I have dressing Goth for (eeeek) a long time. Ok, so I will let you into a secret – Los Lobos were about to become number one with a song about a little goat…
Something like that.
In fact, it might have been Los Lobos’s fault that I turned to black, painted my nails black, gave up smiling the following Lent and started panting after Robert Smith from The Cure.
Today, I am a little more conservative my approach to Victorian dressing. I guess it’s the corporate world that did that to me. Although I have to admit, on particularly difficult days (and there can be few) I will go out and out Victorian (minus the bustle of course.)
Thanks to more recent years of secretly sourcing stuff online, finding that unique look has never been so easy. (So, why do normal people look so, normal then?) Now, I can find the cheapest, fanciest, gothic-ist and Victorian clobber anywhere and have it delivered to my door (ah! Christmas!) Even Primark (cough) is one of my favourite shops for tights, gloves and just about anything black.
Ok, so here today, I am going to share with you some of my favourite things in my wardrobe. Yes, I am going to let you take a peak inside!
Perhaps the first stop in my wardrobe in the morning when I want to make a bit of an impact at work is this beautiful blouse. High necks, lace frills and tight cuffs and puff sleeves on any blouse or shirt will put you straight back into 1891. Perfect!
Women’s Gothic Victorian by Scarlette Darkness
Boots were the staple diet of the Victorians – everything was lace up. If you couldnt’ do up your laces during the 19th Century, you were probably in trouble – or you didn’t have any shoes.
Gibson style was all the age for both men and women but it was the well dressed ladies in this era who lived for their boots. I have to admit, calf length styles were the most popular. Despite the fact that most of the time, you couldn’t see what was on their feet for layers of bustle and crinoline, boots and shoes were vital – especially if there were in the same colour as your dress.
These days, I think knee-high lace up boots look more stylish that something only half crawling up your leg. As I tend to wear knee-length skirts (popular for Victorian girls up to the age of 12) simply because they are more practical for the 20th century, showing off a cool pair of long boots makes the outfit not look so well, frumpy.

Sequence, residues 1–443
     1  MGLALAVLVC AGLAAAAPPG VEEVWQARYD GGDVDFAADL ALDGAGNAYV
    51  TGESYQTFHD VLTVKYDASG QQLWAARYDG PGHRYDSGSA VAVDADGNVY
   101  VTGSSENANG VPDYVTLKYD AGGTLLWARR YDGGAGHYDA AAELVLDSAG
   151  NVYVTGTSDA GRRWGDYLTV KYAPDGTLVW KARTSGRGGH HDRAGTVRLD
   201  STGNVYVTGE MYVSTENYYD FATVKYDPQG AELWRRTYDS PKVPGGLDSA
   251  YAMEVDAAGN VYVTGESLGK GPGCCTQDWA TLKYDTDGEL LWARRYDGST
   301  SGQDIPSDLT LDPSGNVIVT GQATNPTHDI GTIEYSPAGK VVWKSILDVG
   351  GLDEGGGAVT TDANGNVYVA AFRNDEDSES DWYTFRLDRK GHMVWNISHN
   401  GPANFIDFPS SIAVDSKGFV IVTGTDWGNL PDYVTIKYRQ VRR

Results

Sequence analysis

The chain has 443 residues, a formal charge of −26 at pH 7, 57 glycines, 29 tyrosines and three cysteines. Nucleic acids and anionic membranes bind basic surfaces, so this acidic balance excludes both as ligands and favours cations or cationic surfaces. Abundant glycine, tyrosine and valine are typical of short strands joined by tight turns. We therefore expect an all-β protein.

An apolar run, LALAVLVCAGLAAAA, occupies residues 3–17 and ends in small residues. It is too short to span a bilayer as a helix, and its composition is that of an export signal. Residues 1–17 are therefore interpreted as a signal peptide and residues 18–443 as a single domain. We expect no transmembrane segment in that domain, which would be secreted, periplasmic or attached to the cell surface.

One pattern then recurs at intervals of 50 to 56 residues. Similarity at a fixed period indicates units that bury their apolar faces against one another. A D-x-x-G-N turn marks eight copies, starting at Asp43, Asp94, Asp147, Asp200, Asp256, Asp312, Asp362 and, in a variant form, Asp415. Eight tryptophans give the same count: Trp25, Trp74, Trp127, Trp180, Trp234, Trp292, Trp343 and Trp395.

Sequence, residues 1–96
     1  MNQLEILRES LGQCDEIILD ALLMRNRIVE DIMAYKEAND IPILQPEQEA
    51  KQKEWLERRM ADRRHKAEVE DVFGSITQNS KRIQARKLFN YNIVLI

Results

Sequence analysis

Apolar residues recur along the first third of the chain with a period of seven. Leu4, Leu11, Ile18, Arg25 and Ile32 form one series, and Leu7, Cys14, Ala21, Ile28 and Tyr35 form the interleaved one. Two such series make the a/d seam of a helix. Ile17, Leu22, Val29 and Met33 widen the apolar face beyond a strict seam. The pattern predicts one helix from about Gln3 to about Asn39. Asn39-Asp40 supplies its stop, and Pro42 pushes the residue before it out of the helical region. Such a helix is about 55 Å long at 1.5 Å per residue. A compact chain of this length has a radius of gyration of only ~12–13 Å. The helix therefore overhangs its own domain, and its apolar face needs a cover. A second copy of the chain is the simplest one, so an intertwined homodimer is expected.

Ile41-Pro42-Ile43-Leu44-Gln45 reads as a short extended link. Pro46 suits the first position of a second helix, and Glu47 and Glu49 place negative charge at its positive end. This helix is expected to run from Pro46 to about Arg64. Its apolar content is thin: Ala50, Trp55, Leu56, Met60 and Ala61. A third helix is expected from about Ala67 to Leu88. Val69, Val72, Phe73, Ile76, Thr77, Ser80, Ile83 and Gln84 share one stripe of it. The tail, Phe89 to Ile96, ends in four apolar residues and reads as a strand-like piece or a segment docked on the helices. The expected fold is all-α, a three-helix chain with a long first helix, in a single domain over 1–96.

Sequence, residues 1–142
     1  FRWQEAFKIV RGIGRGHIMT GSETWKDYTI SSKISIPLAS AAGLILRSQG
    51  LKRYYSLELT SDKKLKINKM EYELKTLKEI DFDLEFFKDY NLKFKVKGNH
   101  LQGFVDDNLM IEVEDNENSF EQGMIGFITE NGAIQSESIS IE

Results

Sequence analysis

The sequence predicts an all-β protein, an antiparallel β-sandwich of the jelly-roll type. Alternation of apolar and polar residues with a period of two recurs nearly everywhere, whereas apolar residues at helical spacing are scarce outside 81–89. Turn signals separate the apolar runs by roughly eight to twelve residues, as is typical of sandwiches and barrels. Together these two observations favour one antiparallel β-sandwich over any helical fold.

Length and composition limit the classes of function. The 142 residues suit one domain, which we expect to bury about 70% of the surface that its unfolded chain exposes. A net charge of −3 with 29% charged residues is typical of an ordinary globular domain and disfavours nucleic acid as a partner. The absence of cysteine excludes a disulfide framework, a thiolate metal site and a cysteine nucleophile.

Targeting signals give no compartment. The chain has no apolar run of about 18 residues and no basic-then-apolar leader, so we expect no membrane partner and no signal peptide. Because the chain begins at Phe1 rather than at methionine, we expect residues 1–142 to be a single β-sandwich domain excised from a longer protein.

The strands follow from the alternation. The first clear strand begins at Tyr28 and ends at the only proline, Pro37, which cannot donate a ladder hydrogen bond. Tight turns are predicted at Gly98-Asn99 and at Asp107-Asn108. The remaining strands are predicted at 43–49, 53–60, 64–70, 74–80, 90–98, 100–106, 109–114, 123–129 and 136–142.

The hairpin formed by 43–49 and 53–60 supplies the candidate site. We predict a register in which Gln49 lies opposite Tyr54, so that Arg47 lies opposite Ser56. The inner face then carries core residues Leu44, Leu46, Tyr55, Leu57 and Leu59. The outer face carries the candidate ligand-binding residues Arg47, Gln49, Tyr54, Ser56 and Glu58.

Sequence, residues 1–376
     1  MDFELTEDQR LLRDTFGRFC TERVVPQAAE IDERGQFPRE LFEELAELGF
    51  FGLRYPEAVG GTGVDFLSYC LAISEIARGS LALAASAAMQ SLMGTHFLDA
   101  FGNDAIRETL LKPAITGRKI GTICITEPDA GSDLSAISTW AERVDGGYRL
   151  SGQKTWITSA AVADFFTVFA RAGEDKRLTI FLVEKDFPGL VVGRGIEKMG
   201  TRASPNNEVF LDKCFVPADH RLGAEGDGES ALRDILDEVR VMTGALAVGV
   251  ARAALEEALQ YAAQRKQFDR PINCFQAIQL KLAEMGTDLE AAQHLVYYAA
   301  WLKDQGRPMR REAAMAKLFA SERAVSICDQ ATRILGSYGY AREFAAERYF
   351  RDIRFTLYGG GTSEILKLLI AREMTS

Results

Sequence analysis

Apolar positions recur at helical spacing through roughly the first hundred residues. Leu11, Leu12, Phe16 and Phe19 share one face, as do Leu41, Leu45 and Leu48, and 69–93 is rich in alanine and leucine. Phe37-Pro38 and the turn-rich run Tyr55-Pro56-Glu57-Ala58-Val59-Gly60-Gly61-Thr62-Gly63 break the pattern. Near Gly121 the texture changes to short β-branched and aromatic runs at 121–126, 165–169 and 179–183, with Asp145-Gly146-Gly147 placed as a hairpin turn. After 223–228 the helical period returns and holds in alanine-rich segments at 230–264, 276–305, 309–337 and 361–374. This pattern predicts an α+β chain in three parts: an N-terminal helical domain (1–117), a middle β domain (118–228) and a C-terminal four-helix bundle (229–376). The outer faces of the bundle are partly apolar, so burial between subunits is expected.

You can’t possibly step out in the world in a Victorian outfit without finishing the look with dark frock coat. This has to be my favourite, but I will let you in on something. I took the sewing machine to it. I simply couldn’t stand the up down hem going on around it. So I turned it into a flared riding coat and raised the hem to an equal length at the front. Now it sits to my knee comfortably draping down to mid calf at the back. Much better. Even so, this is a beautiful coat which looks great with A line frilly skirt and of course, all the trimmings above!
So, we get to the bottom half at last. So, the dilemma I have each day is do I go for a skirt or trousers? The thing about trousers is that I suddenly feel like a bloke and that I should be slapping my thigh at every avaliable opportunity like I am Anita Harris in panto. Still, with a long pair of riding boots, they are idea for being heavily practical. For preference, it has to be a skirt and the following has been my favourite for a few years now. It even comes with a giant ribbon at the back.
High waisted and with a zip, it might look like you won’t be able to breathe but it is comfortable. Just make sure you get a bigger size than you think you need. Click on the link to find out more if you want to find out more about this skirt featured below. (By the way, you might think that this skirt is knee length, it’s not, just above actually. So the image is a little confusing!)